According to Camus, these experiences of destruction nearly destroyed this generation’s confidence in beauty and undermined its place in their society’s political imagination to this day. He says of these men that in order to refuse the nihilism of their own moment, “They have had to forge for themselves an art of living.” But they were rare men who in the wake of unprecedented destruction thought they should attend to beauty to save themselves and their world.
I will make a rough generalization and say that these fragments I’ve selected seem to present to us a consensus of strange bedfellows: religious fundamentalists like Katie’s dad, Camus’ post-War artists, and powerful scientists all basically agree that, if we are talking about important things, beauty shouldn’t really be part of the conversation. To tell you the truth, I find myself a little embarrassed to be talking about the theme.
Many of our important endeavors in science or social science or politics operate without reference to beauty. And that’s not surprising; many of us find beauty irrelevant to the aims of science or social science or politics. This inclination might even be inherent to constitutional democracy in America. Tocqueville observes in Democracy in America that Americans care little for beauty. He says it’s obvious that the key characteristics of democracy “make the taste for the useful predominate over the love of the beautiful in the heart of man” (DAII, 1.11). His account suggests that this preference for utility over beauty is, once again, native to the human heart and that democracy merely exaggerates this nascent tendency.
I should say here that by politics I mean, following Aristotle, how we can live well together. What about beauty? I will follow Wendell Berry. In his 2012 Jefferson Lecture, Berry names, as he says, the “vocabulary I have depended on in this talk: truth, nature, imagination, affection, love, hope, beauty, joy.” Then he says, “Those words are hard to keep still within definitions; they make the dictionary hum like a beehive.”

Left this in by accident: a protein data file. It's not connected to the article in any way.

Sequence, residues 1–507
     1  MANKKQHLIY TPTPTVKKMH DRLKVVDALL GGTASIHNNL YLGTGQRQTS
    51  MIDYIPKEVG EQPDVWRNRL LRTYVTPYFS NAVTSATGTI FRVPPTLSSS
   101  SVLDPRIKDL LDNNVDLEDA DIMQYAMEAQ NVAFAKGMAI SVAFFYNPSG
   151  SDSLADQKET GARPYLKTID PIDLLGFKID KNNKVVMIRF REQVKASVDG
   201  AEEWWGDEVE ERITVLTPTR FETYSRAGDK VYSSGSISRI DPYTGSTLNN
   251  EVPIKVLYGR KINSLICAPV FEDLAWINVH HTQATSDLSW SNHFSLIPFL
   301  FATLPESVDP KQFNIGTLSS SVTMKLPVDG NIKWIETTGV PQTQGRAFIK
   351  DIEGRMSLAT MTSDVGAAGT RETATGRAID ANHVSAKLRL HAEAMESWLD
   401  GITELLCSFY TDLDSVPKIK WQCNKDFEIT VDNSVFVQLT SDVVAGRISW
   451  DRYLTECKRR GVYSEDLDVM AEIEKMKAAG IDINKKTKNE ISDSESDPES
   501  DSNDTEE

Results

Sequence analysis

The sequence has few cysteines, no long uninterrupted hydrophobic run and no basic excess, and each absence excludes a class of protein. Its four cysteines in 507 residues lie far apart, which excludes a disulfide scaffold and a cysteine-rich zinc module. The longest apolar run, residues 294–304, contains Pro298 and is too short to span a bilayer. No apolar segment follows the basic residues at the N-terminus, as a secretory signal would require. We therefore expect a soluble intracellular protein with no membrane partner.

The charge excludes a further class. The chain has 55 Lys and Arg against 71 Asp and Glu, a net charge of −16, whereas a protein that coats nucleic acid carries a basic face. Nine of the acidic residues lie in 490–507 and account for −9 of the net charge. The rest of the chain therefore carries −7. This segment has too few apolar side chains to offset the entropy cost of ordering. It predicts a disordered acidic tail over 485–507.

I will give you an example. If you search beauty in the Merriam-Webster dictionary, you can actually hear the humming. Listen: “Definition of beauty: the quality or aggregate of qualities in a person or thing that gives pleasure to the senses or pleasurably exalts the mind or spirit (see loveliness); [also,] a particularly graceful, ornamental, or excellent quality.”
Whatever beauty is, it seems to be connected to that in which we take pleasure. Yet it’s “hard to keep still within a definition.” And, whatever beauty is, it seems also to be related to the rest of the vocabulary Berry employs—again: “truth, nature, imagination, affection, love, hope, beauty, joy.”
“But,” Berry continues, “in such words, in their resonance within their histories and in their associations with one another, we find our indispensable humanity, without which we are lost and in danger.”
Beauty and politics don’t come naturally connected in our political discourse. At best, they seem to belong to different worlds. Mr. Rogers, Tocqueville, and Berry lead me to wonder: What difference would it make to how we think about and conduct our politics if we add to our account beauty? How might reflection on or encounters with beauty shape one’s vision of the meaning and purpose of politics?
Care for these questions might open us to better care for persons and for our shared political life.